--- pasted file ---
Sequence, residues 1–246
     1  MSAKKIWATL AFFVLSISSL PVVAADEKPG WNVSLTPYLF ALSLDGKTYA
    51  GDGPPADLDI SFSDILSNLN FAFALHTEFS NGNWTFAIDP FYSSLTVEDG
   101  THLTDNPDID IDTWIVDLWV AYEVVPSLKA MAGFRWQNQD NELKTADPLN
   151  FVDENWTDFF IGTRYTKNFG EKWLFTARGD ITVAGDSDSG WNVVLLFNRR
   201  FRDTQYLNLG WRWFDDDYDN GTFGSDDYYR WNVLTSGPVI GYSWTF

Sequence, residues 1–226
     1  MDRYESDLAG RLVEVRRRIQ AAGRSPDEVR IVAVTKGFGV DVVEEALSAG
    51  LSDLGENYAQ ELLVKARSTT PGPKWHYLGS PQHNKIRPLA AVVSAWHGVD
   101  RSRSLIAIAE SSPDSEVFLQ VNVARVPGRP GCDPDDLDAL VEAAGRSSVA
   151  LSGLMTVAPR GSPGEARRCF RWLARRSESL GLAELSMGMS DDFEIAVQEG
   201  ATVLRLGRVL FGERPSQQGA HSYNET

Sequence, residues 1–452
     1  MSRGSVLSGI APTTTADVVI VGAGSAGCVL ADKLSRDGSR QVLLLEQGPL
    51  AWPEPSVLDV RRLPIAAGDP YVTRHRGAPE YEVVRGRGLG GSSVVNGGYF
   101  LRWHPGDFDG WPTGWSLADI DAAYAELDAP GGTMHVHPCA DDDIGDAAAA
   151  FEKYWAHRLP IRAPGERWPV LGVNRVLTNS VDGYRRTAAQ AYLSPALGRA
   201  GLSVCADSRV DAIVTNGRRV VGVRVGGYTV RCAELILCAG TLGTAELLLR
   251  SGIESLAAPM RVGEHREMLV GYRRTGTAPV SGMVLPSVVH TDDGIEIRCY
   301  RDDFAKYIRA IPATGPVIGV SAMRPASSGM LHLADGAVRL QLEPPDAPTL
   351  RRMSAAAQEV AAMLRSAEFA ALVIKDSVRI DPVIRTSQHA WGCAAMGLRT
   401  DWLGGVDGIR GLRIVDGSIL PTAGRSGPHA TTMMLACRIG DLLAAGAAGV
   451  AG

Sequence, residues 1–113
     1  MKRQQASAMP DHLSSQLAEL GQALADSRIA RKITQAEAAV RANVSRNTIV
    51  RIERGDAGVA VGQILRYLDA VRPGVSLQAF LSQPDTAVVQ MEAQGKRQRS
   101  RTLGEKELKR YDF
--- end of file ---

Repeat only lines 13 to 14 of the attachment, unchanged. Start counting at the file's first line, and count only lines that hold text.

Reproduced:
Sequence, residues 1–452
     1  MSRGSVLSGI APTTTADVVI VGAGSAGCVL ADKLSRDGSR QVLLLEQGPL